Private equity giant Blackstone is assembling a deal team in Silicon Valley as a correction in listed tech values continues to ripple through private markets.
The seven-person group, part of Blackstone’s $127 billion corporate PE business, will be headed by senior managing director Sachin Bavishi, who is relocating to San Francisco from the firm’s New York headquarters.
Bavishi, one of the point men on several of Blackstone’s best-known tech investments – among them Ancestry, Bumble, Liftoff and Simpli.fi – joined in 2013 from Olympus Partners, where he was an associate. Before, he worked as an investment banking analyst with Piper Jaffray.
Bavishi is a “star investor for us,” Martin Brand, head of North America private equity and global co-head of technology investing, told Buyouts.
With Bavishi on the West Coast, Blackstone’s East Coast tech activity will be overseen by senior managing director Eli Nagler in partnership with the newly hired David Schwartz. Schwartz, formerly with Harvest Partners, came onboard earlier this year as a senior managing director.
All about dislocation
Blackstone’s launch of a Silicon Valley team comes as GPs brace for the impact of the tech wreck on Wall Street. Long viewed as overvalued, tech stocks have plummeted this year with rising economic uncertainty and volatility. In the first half, the Nasdaq Composite registered a drop of about 28 percent.
Spurred by historic digitalization trends, PE dealmaking has in recent years made high-growth tech sectors a singular focus. Because of this, the correction in listed tech values, together with over-arching macro factors, is expected to be widely felt across investing and portfolios in the months ahead.
The West Coast move, which will put Blackstone in closer touch with key Silicon Valley players, is intended in part to anticipate these events.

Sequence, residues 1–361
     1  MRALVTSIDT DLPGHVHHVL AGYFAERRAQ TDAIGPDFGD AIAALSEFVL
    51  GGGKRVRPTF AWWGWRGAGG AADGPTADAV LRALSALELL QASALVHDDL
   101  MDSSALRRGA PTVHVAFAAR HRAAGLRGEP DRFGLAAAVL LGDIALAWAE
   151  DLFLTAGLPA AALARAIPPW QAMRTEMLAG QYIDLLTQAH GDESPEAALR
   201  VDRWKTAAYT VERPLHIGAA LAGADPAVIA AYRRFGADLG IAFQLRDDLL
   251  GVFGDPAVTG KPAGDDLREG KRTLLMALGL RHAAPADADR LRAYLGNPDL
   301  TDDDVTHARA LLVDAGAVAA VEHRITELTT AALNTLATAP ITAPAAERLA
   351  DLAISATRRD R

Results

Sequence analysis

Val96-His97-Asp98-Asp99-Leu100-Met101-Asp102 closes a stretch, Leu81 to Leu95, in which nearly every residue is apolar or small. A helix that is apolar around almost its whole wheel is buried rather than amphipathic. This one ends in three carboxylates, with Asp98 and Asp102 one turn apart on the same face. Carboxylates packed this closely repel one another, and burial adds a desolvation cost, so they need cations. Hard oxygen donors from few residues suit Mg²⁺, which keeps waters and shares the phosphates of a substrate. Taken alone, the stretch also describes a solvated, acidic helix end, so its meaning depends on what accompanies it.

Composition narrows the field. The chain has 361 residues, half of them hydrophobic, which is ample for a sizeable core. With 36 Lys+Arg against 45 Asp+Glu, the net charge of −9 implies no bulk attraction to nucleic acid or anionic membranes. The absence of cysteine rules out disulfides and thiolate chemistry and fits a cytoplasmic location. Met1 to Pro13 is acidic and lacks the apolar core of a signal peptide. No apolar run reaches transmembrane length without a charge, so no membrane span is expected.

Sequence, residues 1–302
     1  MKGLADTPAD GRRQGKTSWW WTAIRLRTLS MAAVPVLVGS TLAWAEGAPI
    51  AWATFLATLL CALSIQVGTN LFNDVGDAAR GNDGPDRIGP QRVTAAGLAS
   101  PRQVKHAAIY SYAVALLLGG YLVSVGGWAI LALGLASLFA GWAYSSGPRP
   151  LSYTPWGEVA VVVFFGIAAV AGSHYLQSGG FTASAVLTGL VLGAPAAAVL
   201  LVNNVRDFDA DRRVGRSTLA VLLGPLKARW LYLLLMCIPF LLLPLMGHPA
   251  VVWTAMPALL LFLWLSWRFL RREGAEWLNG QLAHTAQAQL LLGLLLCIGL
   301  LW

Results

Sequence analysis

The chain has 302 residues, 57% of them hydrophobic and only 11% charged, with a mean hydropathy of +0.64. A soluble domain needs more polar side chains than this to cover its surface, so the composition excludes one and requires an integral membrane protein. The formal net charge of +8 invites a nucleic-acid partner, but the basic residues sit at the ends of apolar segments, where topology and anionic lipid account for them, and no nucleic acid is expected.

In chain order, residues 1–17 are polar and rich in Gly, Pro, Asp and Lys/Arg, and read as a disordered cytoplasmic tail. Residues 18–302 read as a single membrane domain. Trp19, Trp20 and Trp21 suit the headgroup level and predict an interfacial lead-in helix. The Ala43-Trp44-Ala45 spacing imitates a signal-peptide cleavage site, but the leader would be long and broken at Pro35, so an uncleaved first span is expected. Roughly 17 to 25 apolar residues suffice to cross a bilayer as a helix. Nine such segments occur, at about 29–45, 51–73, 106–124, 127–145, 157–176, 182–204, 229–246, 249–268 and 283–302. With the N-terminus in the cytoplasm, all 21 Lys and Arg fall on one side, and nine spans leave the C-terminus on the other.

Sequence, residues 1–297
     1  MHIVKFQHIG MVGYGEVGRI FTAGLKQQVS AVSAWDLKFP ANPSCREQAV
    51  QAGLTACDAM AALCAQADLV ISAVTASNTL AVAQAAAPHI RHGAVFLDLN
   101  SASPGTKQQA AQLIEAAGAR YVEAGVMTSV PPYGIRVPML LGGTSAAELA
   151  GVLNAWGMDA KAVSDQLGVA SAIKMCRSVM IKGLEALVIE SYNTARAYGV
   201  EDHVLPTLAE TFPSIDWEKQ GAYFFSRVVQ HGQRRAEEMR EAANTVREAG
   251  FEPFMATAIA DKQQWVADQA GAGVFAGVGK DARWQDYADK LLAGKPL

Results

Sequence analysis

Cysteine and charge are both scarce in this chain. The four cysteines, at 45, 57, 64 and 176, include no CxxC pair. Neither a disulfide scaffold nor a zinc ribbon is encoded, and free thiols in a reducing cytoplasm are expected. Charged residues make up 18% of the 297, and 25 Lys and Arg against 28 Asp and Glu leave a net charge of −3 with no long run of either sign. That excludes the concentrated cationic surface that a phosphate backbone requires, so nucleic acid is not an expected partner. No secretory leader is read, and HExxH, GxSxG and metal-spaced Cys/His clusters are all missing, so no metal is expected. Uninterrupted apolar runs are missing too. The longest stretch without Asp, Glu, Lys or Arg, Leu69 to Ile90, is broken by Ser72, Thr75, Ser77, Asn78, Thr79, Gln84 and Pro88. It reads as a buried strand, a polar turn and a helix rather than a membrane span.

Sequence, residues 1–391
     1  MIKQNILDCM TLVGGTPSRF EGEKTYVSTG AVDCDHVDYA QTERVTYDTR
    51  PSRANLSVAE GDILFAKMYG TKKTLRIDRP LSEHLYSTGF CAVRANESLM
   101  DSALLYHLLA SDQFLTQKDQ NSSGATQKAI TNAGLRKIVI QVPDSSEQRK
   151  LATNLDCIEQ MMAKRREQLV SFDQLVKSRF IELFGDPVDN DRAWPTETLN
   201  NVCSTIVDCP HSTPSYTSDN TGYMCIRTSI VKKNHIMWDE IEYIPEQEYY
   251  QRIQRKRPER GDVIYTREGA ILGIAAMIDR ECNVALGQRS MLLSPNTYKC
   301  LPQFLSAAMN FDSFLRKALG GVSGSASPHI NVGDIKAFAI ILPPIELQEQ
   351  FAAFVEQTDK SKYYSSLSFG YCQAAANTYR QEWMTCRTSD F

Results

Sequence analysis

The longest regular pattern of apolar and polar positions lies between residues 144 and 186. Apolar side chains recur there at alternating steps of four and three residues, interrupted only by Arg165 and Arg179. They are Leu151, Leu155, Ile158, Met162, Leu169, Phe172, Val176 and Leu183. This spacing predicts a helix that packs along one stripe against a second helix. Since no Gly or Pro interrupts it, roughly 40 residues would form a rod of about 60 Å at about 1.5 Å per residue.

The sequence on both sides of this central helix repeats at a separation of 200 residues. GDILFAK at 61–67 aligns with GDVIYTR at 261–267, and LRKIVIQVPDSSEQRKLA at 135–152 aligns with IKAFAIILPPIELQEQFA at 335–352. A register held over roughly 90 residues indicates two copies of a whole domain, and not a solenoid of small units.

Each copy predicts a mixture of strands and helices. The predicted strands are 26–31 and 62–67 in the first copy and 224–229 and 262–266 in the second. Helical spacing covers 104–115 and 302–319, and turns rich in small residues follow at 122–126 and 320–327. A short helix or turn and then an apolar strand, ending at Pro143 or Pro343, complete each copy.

“Private markets will ultimately follow the lead of public markets,” Bavishi told Buyouts. “It creates an interesting environment for us, an environment that for deploying capital is more favorable than it was in 2021.”
Blackstone sees emerging opportunities as resulting from “dislocation,” Bavishi said. “We don’t think the tech sector is broken.” On the contrary, he said, there is a large population of category-leading software brands that will be more accessible than they were last year, when “euphoric valuation levels” were the norm.
Brand agreed, saying today’s situation is very different from the dot-com crash of roughly two decades ago. Current multiples, he said, “are not much lower” relative to the period before last year, which was “an aberration.”
Blackstone’s flagship PE funds have invested almost $12 billion in tech sectors over the past five years, the bulk of it prior to 2021. The firm’s experience in tech investing in both good times and bad, together with its operational capabilities, will be “impactful” for companies navigating challenges, Bavishi said.
Doubling-down on tech
Along with tapping into dislocation opportunities, a West Coast presence will facilitate a “doubling-down on our commitment to the tech sector for the long-term,” Bavishi said.
Blackstone has of late done deals mostly in the adtech, consumer internet, edtech and fintech sectors. The Silicon Valley team, he said, will “expand the aperture,” giving more emphasis to themes in spaces like customer engagement, e-commerce, sales management and supply chains.
The firm’s most recent tech investments include Simpli.fi, a programmatic advertising platform. Blackstone last year backed the company in a $1.5 billion deal, joining existing investor GTCR. It also acquired Sphera, an ESG software, data and consulting services provider, from Genstar Capital, valuing it at $1.4 billion.
Blackstone has more than 70 employees in its San Francisco office working across multiple strategies, among them growth equity, life sciences, private debt, secondaries and tactical opportunities.